After our marathon tasting, we walk (a little unsteadily) a couple of blocks over to Rogue Ales. Rogue hails from the same home town as my sister, Newport, but it is out on the coast and a little out of the ways (most of Oregon's coast is lightly populated, which confuses many native Californians, but one taste of Oregon's winters and suddenly it all makes sense), so just like Deschutes they have a location in Portland to make it more accessible to the masses.

When we tell our waitress that we would like to sample everything they make, she raises an eyebrow and warns us that they have over 24 Rogue beers on tap as well as six distilled spirits. While the rest of us chew over this revelation in stunned silence, Vlad blithely declares "That's fine; bring us tasters of everything!"

The beers arrive on six separate taster trays, then another two trays for their three rums, two gins and whiskey. Staring at all the booze on the table, we are at a bit of a loss as to how we should proceed - eventually we each grab the tray in front of us, take a sip of each brew, scribble our comments on the handwritten list of beers in the tray, then as one pass all the trays clockwise around the table.

Rogue has a lot of amazing beer and a lot of creativity. Most people are probably at least familiar with their Dead Guy Ale, which is widely distributed. We are particularly impressed by the Dry Hopped St. Rogue Red, a (predictably) hoppy red, the 200 Meter Ale, an IPA brewed at Eugene City Brewery, the XS Imperial Porter, with hints of chocolate in its malts, and the Morimoto Soba, a Japanese style ale brewed by Rogue in conjunction with chef Masaharu Morimoto (of Iron Chef fame). Their spirits are also excellent, the Dark Rum being my favorite.

Needless to say, at the end of all this we are a little intoxicated. Ken – as the sole married member of our crew – takes it upon himself to introduce Vlad to two ladies at the bar.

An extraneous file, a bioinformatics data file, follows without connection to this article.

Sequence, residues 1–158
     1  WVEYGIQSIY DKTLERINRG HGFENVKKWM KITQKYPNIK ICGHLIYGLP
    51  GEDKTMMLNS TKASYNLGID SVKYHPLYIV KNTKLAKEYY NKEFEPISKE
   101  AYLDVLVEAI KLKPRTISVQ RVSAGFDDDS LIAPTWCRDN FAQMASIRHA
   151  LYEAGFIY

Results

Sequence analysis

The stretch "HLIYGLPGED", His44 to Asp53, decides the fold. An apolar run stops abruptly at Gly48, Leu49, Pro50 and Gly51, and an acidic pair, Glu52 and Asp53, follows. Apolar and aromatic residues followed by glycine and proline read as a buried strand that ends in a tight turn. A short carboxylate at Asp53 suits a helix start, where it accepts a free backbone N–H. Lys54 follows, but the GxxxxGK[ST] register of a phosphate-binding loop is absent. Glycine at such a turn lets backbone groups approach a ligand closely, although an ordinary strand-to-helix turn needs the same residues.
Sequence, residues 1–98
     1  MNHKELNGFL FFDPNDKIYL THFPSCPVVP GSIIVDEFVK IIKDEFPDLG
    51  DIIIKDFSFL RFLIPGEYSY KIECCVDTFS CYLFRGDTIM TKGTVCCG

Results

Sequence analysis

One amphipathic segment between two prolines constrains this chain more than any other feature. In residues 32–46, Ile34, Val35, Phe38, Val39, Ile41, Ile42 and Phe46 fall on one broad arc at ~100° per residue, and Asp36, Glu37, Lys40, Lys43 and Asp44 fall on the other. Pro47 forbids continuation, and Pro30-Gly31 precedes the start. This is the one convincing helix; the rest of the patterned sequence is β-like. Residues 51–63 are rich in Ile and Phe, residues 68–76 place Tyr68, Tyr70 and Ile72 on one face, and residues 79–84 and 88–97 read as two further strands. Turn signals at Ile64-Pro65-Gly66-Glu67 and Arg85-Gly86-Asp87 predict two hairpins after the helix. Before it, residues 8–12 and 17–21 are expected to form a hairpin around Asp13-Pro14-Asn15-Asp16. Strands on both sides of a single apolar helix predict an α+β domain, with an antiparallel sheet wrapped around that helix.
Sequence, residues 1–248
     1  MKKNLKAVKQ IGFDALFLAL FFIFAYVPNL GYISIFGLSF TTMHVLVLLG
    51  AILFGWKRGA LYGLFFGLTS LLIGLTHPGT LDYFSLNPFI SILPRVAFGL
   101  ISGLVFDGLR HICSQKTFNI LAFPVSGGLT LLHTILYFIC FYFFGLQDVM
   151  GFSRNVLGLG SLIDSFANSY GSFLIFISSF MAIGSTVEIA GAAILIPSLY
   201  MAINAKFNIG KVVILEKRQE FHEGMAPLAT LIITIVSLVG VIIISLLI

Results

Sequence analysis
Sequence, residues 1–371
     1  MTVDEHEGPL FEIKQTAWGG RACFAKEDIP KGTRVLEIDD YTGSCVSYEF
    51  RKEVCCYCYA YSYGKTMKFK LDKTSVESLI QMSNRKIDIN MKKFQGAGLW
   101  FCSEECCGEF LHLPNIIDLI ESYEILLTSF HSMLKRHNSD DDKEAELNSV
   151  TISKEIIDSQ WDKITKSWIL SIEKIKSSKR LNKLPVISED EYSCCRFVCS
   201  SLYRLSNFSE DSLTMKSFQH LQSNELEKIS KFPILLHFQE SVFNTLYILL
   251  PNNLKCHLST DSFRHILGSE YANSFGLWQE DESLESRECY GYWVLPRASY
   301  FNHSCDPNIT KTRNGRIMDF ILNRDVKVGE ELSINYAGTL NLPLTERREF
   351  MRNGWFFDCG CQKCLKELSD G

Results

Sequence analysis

“Hey, girls, this is my buddy Vlad. A lot of people say he looks like Tom Selleck only without the mustache.” (This is at best a gross exaggeration - at worst an outright lie.)

“No way, he's cuter than Tom Selleck,” they giggle, opening a door.

“What? That's ridiculous. Tom Selleck is way better looking than I am,” Vlad snaps, slamming the door shut. He stomps off in a huff, leaving the bewildered girls behind.

Defending Tom Selleck's honor is more important to Vlad than chatting up girls. For some strange reason I respect that.

No way! Tom Selleck shaved his ... oh, nevermind.

After a cab ride back to the hotel, we call Dan to bring him up to date on our debauchery for the day and - incidentally - wish him a happy birthday at the stroke of midnight. Dan sounds a little drowsy, but the Tom Selleck story evokes gales of laughter.

Saturday, August 15, 2009 is Dead - Long Live

Last Sunday URL shortener, a product of developer Nambu, announced it would be ceasing operation at the end of 2009. Several bloggers and pundits who have loudly decried the use of URL shorteners immediately seized upon this as proof that they were right all along and that the scourge of short URLs they have warned us about is finally coming to an end. This is a bit like claiming that people will soon stop driving cars because General Motors filed for bankruptcy.

As it turns out, the naysayers’ pronouncement was a little premature, as three days later announced it was resuming operations - at least for the time being - after a massive response from its users begging the developer to keep the service running. The developer is reportedly looking for a new owner to take over.

While I use and like and I certainly would be sad to see it go, this outcome would hardly qualify as a disaster. In reality, the salient facts are thus: 1) the shut down of would be a minor inconvenience at worst and 2) there continues to be considerable demand (even need) for URL shorteners.